- Investment fees — Banks that offer investment services can also earn fees for managing clients’ investments and brokerage services (a fee each time you buy or sell a stock, for example). Banks that create or sell mutual funds, annuities and other financial products may also earn commissions or fees from these sales.
How banks make money with interchange fees
Banks can also make money whenever you use the bank’s debit card or credit card to make a purchase. Merchants pay what’s called a merchant discount fee when they accept a card. With cards that are issued by banks (such as Visa and Mastercard credit and debit cards), a portion of the discount fee goes to the issuing bank. This is called an interchange fee.
Some banks also offer merchant accounts to businesses that want to accept debit and credit cards. They can then collect merchant processing fees from the merchant on its card-based sales.
Other ways banks make money
Banks have other ways of earning non-interest income.
- Investments — In addition to earning fees and commissions on customers’ investments, banks may be able to invest their own money.
- Advisory services — Some banks also make money by acting as an adviser for other businesses. They may sell research or investment ideas to individuals and businesses. Entities may also hire the bank to help with raising money, public offerings, and mergers and acquisitions.
- Commissions — Banks may have partnerships with insurance agents, brokerages, investment services and other businesses that pay them a commission to refer customers.
Next steps: Ways to reduce your banking costs
While you may benefit from the services that banks offer, you can also look for ways to save money by minimizing your banking costs.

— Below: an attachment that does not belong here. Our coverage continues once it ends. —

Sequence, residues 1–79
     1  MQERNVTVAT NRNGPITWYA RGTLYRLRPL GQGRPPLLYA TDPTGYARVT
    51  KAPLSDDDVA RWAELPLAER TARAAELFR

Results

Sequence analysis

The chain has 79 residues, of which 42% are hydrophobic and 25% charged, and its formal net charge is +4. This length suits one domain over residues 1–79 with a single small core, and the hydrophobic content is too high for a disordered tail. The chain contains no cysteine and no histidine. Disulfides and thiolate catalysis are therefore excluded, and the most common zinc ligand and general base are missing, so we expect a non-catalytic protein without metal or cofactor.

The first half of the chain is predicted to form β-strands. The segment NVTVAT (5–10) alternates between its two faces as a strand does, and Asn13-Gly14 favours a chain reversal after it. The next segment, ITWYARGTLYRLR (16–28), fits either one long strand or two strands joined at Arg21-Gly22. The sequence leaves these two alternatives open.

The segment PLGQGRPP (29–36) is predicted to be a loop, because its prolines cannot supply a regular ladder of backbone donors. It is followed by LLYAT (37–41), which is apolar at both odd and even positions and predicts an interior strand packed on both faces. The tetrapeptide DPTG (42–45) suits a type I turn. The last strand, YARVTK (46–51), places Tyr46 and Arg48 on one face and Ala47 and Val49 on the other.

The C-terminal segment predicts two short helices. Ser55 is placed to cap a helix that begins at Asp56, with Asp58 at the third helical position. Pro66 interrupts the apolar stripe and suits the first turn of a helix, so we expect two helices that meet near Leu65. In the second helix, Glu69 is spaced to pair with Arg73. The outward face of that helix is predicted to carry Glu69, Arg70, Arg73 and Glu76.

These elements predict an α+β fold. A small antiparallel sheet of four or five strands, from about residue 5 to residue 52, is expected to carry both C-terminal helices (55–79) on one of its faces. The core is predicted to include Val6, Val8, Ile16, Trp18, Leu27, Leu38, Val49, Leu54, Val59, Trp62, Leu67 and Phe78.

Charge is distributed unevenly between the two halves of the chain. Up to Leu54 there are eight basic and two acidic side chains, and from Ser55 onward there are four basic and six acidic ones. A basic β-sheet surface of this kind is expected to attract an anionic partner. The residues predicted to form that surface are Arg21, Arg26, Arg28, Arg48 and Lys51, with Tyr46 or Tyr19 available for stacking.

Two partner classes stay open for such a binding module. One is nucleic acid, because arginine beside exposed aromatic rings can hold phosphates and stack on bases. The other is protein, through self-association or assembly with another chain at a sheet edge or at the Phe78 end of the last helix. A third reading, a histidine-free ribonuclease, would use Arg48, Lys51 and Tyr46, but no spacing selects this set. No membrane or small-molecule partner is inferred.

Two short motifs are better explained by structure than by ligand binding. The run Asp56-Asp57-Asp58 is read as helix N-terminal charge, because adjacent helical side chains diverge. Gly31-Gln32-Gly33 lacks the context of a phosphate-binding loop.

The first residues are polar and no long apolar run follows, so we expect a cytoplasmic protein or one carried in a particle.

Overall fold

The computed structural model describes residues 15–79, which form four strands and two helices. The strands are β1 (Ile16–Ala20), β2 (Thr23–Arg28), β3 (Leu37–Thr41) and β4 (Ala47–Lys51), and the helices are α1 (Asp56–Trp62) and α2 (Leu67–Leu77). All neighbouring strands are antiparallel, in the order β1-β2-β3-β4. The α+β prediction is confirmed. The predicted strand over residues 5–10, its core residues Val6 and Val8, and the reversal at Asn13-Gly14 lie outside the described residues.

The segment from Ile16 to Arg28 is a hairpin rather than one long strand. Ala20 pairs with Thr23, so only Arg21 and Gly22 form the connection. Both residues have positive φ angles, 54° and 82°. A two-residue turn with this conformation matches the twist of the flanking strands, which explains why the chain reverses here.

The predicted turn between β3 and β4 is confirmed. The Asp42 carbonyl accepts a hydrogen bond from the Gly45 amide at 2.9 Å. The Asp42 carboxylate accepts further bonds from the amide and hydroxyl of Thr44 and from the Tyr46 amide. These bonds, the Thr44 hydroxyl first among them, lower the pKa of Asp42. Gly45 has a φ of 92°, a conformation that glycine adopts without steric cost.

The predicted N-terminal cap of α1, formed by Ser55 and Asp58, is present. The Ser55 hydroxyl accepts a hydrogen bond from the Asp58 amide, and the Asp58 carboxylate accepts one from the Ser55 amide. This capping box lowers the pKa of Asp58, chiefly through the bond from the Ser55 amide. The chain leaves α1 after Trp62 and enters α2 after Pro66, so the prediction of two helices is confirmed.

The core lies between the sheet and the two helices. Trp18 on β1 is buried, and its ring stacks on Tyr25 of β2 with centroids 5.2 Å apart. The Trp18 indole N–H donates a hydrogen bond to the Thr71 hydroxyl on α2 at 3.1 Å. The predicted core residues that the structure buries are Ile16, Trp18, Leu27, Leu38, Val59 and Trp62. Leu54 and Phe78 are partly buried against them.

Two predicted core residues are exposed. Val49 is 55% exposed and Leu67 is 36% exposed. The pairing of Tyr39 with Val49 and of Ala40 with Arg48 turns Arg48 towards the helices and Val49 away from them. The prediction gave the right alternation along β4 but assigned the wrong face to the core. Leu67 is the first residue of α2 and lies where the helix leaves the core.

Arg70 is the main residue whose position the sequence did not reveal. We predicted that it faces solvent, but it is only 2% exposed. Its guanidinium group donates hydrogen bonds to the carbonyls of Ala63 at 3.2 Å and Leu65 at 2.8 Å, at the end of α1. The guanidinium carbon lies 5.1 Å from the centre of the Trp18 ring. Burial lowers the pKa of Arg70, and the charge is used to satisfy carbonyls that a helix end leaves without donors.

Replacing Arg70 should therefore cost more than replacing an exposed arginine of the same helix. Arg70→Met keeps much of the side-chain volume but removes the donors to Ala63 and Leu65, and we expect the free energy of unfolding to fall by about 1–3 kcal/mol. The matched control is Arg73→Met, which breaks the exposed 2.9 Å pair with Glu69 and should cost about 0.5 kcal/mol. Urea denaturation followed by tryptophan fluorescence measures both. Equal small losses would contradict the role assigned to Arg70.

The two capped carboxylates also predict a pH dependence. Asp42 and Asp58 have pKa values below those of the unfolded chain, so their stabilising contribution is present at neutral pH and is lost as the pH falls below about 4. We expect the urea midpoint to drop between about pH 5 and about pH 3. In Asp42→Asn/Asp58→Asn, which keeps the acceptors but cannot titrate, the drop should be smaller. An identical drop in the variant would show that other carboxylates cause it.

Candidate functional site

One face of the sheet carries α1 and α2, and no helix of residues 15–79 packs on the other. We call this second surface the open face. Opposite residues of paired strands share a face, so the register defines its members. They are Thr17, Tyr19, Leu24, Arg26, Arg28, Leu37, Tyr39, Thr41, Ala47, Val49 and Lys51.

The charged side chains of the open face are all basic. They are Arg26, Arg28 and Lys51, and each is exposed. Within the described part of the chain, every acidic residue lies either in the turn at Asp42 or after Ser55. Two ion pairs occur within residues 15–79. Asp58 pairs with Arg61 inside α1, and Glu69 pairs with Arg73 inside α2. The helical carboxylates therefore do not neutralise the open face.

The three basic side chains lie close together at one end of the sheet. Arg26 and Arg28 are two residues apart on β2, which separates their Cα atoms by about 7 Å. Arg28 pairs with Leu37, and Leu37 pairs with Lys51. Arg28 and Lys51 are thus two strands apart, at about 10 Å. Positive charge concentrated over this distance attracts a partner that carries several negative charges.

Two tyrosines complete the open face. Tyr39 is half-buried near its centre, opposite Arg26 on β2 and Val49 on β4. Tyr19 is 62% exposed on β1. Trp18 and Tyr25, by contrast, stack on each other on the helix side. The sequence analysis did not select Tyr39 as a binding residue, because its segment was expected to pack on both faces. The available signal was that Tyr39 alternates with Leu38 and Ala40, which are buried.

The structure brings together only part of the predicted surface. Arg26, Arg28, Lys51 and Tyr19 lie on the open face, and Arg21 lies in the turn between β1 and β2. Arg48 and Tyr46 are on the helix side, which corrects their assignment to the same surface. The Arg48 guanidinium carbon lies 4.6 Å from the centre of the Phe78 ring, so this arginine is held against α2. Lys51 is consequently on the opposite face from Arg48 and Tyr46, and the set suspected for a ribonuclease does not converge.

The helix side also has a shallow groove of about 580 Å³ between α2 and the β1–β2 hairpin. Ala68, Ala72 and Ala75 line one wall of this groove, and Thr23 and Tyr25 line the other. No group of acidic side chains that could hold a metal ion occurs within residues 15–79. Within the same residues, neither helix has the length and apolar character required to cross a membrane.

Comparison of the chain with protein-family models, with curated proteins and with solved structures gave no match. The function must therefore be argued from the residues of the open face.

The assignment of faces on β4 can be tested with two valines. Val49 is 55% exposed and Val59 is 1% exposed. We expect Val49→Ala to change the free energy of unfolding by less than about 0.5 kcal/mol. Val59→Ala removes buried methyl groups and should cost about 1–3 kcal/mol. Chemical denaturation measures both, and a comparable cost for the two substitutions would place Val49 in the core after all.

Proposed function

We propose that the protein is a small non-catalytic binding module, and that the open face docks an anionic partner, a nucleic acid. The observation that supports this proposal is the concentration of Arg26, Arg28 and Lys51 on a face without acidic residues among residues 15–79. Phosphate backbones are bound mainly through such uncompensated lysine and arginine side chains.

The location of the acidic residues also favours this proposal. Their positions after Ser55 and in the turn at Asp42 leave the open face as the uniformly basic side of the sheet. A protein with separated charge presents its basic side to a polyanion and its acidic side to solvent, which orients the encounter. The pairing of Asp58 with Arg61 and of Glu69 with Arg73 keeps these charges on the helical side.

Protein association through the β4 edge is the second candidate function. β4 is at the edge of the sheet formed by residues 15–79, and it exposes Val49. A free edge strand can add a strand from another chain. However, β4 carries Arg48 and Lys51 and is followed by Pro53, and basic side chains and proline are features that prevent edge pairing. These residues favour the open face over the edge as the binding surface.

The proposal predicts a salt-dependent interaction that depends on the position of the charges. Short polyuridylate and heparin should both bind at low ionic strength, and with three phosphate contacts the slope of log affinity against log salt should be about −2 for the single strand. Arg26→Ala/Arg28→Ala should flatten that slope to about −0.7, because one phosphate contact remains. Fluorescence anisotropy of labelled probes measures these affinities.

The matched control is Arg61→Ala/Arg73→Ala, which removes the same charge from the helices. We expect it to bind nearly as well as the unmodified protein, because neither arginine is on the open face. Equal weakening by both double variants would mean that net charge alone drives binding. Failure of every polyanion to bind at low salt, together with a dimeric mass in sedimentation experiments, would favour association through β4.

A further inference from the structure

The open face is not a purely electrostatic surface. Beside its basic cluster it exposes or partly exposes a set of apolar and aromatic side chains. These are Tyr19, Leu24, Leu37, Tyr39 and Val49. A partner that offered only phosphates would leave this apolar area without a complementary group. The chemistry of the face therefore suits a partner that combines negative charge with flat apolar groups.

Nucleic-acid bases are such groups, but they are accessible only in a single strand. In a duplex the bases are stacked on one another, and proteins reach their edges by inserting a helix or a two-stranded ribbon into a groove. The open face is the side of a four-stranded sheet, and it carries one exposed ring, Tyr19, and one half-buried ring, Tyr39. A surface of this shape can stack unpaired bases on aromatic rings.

- Look for fee-free banking services. If you want a basic checking or savings account, look for banks that don’t have minimum balance or monthly service fee requirements. Remember, though, that even with a fee-free checking account, there can be other fees — including ATM fees charged by third-party providers.
- Don’t opt in for overdraft services. Accepting your bank or credit union’s overdraft services can lead to overdraft fees. Instead, aim to keep an eye on your balance and balance your checkbook regularly to avoid nonsufficient funds fees.
- Understand what you’re getting for your fees. Paying a fee for a service or product isn’t a bad idea if you feel the benefits outweigh the costs. For example, credit card annual fees may be worth it if benefits from perks and rewards make up for it. But there are also many rewards cards, including travel cards, that don’t have annual fees.
- Beware of sales tactics. You may think of bank tellers as helpful customer service representatives. However, at some banks, they serve a dual function and are expected to act as salespeople as well. Tellers may try to get you to open other accounts at the bank to meet their sales quotas (remember the Wells Fargo fake account scandal). Banks can also earn commissions or collect fees when you buy investments or insurance products from the bank. If your financial adviser works for a bank, beware of the potential conflict of interest that may arise, particularly if your adviser works on commission.
- Comparison shop when applying for a loan. One of your biggest banking costs may be the fees and interest you pay on a loan, especially if you’re taking out an auto loan or mortgage. However, you can comparison shop when looking for a lender — you don’t have to borrow money from your current bank.
Shopping for a loan won’t necessarily hurt your credit, and you don’t need to accept a loan offer when you’re approved. Comparing offers from several lenders can help you find a loan with the lowest possible fees and interest rates.
In general, the less you spend on banking fees or penalties, the more money you’ll have to pay off debt, build savings and invest for your future. While banks might also earn money by offering these services, you’ll both be benefitting in the long run.